Hi everyone, it’s been a long time since I’ve posted. I’m really sorry about that… I’ll get better about posting more often. A lot has happened… just recently I finally forked out the money and bought myself a decent lens. I’m so far very happy with my new Nikkor 50mm F/1.4G lens and SB-400 speedlight. However this post concerns what I’ve done to my Celestron C9.25 Schmidt-Cassegrain telescope (the photo above is a “before” photo). Sometimes I step back, look at it, and say… “What have I done!”. But it’s ok… it’s for the better. I think. I hope. Oh well, it can’t be reversed now. I added fans to my scope, to keep the temperature inside the tube and outside the tube the same, and to cool the primary mirror down, should it be warmer than the ambient air. These fans hopefully will reduce thermal problems, which cause the image to be less sharp (putting it simply). One of the fans blows in, the other blows out. They are powered through the “control box”, which has a three position (on-off-on) SPDT (single-pole-double-throw) switch and a resistor. The entire thing is wired so that it runs at 50% speed flipped one way, flipped at the middle position is off, and flipped the other way runs at 100% fan speed. I also insulated the interior and flocked it. “Flocking” is using very dark material to make the interior darker so that there is less light scatter. I want to thank my dad for doing the drilling through the back of the scope… way to go, Dad! I’ll put some pictures below.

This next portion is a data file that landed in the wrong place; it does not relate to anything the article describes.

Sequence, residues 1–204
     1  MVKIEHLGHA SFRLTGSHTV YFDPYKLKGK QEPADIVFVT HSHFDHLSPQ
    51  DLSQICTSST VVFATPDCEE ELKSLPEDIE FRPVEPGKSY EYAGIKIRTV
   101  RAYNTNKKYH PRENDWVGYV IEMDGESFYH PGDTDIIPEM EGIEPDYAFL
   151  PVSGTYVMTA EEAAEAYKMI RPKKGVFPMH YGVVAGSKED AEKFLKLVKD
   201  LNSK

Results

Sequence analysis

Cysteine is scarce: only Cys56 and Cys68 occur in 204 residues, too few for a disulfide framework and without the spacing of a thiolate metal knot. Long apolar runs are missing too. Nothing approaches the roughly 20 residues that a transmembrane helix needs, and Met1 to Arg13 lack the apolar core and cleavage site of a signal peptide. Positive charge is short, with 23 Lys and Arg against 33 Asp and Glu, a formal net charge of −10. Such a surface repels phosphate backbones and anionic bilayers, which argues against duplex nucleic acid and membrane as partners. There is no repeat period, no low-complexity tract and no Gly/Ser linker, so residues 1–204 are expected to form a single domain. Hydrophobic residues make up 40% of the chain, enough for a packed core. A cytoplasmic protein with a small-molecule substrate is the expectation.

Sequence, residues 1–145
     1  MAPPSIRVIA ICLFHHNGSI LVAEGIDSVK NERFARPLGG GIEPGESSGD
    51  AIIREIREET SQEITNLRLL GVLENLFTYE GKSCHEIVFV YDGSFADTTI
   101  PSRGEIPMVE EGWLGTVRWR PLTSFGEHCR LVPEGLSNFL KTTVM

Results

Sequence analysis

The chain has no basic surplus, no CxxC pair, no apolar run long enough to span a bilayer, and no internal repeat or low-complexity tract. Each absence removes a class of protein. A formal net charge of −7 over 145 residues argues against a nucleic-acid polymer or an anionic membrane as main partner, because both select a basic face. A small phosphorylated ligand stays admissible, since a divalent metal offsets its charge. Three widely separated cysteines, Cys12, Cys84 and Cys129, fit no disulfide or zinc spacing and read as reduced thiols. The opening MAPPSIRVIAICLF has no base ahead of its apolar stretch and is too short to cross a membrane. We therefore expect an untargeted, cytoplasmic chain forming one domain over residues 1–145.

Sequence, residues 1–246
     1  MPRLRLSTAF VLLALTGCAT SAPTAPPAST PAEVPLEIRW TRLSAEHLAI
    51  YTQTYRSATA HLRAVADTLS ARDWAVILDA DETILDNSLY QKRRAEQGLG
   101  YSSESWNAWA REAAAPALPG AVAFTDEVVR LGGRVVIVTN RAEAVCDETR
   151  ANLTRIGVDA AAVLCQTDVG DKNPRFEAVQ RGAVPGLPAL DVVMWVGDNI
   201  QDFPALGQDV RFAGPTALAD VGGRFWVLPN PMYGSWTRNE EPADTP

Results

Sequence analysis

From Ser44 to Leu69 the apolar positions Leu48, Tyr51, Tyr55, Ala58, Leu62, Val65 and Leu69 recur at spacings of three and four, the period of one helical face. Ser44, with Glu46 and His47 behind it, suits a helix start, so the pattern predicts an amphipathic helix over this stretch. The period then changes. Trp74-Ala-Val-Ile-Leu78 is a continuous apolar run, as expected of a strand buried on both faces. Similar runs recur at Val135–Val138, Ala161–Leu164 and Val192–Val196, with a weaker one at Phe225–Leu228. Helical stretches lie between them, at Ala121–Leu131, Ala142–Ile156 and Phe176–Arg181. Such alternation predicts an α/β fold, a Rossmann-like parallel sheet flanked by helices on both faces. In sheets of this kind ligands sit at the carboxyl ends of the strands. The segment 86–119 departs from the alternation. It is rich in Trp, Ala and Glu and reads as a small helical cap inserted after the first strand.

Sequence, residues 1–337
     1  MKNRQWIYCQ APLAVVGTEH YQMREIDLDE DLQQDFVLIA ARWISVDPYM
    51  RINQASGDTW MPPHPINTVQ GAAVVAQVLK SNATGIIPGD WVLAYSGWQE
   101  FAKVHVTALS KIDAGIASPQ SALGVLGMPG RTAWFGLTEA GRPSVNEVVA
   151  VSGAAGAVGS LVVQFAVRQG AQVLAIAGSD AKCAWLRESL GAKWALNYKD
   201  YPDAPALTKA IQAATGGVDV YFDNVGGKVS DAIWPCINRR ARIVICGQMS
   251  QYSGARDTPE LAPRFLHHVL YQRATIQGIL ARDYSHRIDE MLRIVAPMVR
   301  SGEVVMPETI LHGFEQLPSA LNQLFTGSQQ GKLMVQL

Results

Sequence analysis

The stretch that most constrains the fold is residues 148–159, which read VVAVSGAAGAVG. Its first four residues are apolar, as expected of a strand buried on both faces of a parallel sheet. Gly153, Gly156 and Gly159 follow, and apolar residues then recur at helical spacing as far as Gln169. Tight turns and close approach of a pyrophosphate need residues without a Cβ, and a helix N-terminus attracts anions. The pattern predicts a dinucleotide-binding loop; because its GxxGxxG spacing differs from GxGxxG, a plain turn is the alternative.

Above- the work commences.
Above- work being done.
Above- insulation, prior to flocking and before it was glued into place.
Above- control box, mounted and showing it’s insides and wiring.
And below is the finished scope- ready for action. Well, almost- when we reassembled it, we forgot to put in the O-ring the keeps the mirror from moving too far forward. Oh well… I’m going to have to take it back apart and put that back on. We ran into a lot of trouble, and I didn’t get everything that I wanted done, but I’m pretty happy with the way things went, generally.
That’s all for now… thanks for reading!